You have realised that many creative professionals have had success by having visual literacy as an integral part of their work. Hans Rosling was a professor who had great success with presenting information using animated data visualisation. People like Rosling have convinced you to use your innate skills to create things, convey stories or play. This makes you the obvious choice to pursue the purpose of visual literacy for work. Creative professionals have proven that visual literacy can be an important part of work.
The printing press has increased the linguistic literacy of the masses since the Renaissance. More widespread linguistic literacy advanced science and education. This may be the reason we are still rooted in communication with text and the general society thinks linguistic language is superior to visual language. The text feels more familiar because we learned to read and write at school, but did we did not learn creativity. In education, students do not use images to solve problems. Therefore, few professionals know how to work visually.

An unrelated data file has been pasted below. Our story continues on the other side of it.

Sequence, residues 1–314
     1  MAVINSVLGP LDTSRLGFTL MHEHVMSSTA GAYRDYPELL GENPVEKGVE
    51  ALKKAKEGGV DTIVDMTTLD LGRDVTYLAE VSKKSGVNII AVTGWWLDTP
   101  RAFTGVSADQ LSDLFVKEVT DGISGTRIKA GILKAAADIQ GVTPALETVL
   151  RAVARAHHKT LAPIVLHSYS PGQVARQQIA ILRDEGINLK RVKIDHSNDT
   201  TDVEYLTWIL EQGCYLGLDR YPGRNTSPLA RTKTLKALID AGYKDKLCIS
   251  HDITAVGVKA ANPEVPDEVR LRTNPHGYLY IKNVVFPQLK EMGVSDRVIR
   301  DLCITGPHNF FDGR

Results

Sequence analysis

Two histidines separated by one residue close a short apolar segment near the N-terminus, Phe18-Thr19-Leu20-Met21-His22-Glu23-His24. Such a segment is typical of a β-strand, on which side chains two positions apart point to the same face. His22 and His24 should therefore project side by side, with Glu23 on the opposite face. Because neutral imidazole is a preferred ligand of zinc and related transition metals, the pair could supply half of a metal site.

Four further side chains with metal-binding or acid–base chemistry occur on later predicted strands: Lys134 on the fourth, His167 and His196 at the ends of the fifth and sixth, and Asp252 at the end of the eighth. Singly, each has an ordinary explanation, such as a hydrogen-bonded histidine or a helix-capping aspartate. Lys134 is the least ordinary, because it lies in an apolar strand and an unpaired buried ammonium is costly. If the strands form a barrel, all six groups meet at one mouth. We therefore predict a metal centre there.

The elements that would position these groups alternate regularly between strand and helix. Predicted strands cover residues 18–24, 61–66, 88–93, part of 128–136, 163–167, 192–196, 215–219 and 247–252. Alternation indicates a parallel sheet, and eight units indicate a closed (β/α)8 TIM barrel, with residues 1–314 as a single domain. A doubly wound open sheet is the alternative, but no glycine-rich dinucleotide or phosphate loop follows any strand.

The three aspects of visual literacy
The three main aspects of visual literacy are:
1. Visual learning
2. Visual thinking
3. Visual rhetoric

Visual languages make you understand and learn faster. Your audience will also understand faster. Visual thinking with images makes you engage in divergent thinking and associative thinking. To increase creativity and solve problems, visual thinking will give you more perspectives. By communicating with visual language, you will strengthen people’s attention. You use graphic elements to create meaning.